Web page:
Schumer Wants 'PPM' Primer


Sen. Charles Schumer (D-N.Y.) wants to know why Nielsen Media Research is deploying "Passive People Meters" in Canada and not in the United States.

In a letter to Nielsen President Susan Whiting, Schumer pointed to press reports that Nielsen and BBM Canada were deploying Arbitron's passive people meters there, reportedly because they would "more accurately measure audience viewership (especially out-of-home viewing) than Nielsen's current system, which requires active involvement from participants and may lead to unacceptably high 'fault rates.'"

New York has been the scene of the controversial roll-out of Nielsen's local people meters (LPMs), whose fault rates and alleged undercounting of minority broadcast viewers have been cited by critics in ongoing efforts to block the roll-out there, as well as in Los Angeles and other major markets targeted for the meters. Nielsen says the meters do not undercount minority viewers, are an improvement over diaries and says it is fixing the problems that led the Media Ratings Council to withhold accreditation of the service in New York.

"Given the lack of accreditation for LPM and the concerns voiced by minority communities, it is difficult to understand why Nielsen would not move toward a new technology that, by its nature, seems to be less prone to human error," Schumer wrote.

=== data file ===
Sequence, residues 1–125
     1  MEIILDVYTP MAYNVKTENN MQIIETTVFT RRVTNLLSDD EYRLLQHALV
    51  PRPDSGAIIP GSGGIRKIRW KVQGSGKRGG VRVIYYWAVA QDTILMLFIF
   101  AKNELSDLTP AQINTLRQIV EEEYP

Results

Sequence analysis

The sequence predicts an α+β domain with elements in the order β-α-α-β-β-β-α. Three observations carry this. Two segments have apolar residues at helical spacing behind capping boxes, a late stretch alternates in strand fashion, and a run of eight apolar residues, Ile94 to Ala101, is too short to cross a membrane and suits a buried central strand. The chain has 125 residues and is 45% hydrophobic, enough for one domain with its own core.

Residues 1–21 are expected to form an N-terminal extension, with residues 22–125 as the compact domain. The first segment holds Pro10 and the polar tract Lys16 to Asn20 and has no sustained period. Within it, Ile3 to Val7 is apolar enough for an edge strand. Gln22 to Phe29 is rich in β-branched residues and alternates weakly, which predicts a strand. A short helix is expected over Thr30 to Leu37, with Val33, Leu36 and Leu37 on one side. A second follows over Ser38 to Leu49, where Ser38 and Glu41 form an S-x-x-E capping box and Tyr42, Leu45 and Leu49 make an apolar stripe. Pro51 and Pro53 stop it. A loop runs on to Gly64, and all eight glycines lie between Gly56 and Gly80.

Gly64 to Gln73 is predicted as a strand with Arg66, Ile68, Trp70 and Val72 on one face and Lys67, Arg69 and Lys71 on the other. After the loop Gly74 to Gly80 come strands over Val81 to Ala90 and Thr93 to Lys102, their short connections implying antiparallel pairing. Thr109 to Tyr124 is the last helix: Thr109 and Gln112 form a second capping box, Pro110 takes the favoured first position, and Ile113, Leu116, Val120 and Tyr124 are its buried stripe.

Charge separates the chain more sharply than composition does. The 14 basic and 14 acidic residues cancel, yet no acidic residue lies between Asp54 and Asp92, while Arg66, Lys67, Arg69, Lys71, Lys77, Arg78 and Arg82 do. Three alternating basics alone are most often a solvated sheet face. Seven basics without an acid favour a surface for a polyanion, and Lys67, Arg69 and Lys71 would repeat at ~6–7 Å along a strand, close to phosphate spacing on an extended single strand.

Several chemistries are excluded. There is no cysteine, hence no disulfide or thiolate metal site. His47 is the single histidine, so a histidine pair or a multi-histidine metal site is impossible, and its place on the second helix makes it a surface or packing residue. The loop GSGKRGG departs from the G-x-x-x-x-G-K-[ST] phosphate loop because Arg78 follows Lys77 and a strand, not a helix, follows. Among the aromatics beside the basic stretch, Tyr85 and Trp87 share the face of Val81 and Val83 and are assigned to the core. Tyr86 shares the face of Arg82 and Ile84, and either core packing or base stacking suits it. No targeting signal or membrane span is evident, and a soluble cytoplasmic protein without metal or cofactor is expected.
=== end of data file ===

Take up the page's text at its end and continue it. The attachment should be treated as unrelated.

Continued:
Actually, Nielsen and Arbitron are testing PPMs in Philadelphia to help Nielsen determine whether it wants to invest in a wider roll-out of the service. It still has questions about how the passive meters measure viewing, and whether it will change the definition of viewing, since the meters could conceivably pick up the signals from the electronics department of a department store or a radio blaring on the street and credit it as media usage for a passerby.

That said, Nielsen has not foreclosed a move to whatever technology best captures viewing and listening, a Nielsen spokesman said last week regarding improved response rates in its Philadelphia PPM test.

Schumer asked Whiting to explain the differences between U.S. and Canadian markets that would justify using different meters and what barriers there are to using the PPMs in the U.S.